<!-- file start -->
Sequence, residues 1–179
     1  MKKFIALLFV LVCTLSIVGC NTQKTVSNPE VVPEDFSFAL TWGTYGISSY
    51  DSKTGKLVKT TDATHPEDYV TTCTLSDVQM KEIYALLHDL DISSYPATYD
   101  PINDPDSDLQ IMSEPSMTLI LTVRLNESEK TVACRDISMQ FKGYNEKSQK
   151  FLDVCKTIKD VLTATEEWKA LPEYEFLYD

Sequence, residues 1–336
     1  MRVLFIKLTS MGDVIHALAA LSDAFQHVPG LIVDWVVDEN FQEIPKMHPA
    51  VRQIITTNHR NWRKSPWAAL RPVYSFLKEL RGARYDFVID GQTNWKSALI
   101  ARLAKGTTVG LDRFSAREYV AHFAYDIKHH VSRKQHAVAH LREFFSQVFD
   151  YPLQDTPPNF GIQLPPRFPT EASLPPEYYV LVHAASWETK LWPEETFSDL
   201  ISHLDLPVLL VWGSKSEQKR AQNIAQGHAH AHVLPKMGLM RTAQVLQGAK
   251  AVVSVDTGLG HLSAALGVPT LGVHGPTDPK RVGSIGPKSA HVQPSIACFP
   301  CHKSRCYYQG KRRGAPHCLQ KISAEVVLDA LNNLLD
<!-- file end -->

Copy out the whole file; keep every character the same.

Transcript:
Sequence, residues 1–179
     1  MKKFIALLFV LVCTLSIVGC NTQKTVSNPE VVPEDFSFAL TWGTYGISSY
    51  DSKTGKLVKT TDATHPEDYV TTCTLSDVQM KEIYALLHDL DISSYPATYD
   101  PINDPDSDLQ IMSEPSMTLI LTVRLNESEK TVACRDISMQ FKGYNEKSQK
   151  FLDVCKTIKD VLTATEEWKA LPEYEFLYD

Sequence, residues 1–336
     1  MRVLFIKLTS MGDVIHALAA LSDAFQHVPG LIVDWVVDEN FQEIPKMHPA
    51  VRQIITTNHR NWRKSPWAAL RPVYSFLKEL RGARYDFVID GQTNWKSALI
   101  ARLAKGTTVG LDRFSAREYV AHFAYDIKHH VSRKQHAVAH LREFFSQVFD
   151  YPLQDTPPNF GIQLPPRFPT EASLPPEYYV LVHAASWETK LWPEETFSDL
   201  ISHLDLPVLL VWGSKSEQKR AQNIAQGHAH AHVLPKMGLM RTAQVLQGAK
   251  AVVSVDTGLG HLSAALGVPT LGVHGPTDPK RVGSIGPKSA HVQPSIACFP
   301  CHKSRCYYQG KRRGAPHCLQ KISAEVVLDA LNNLLD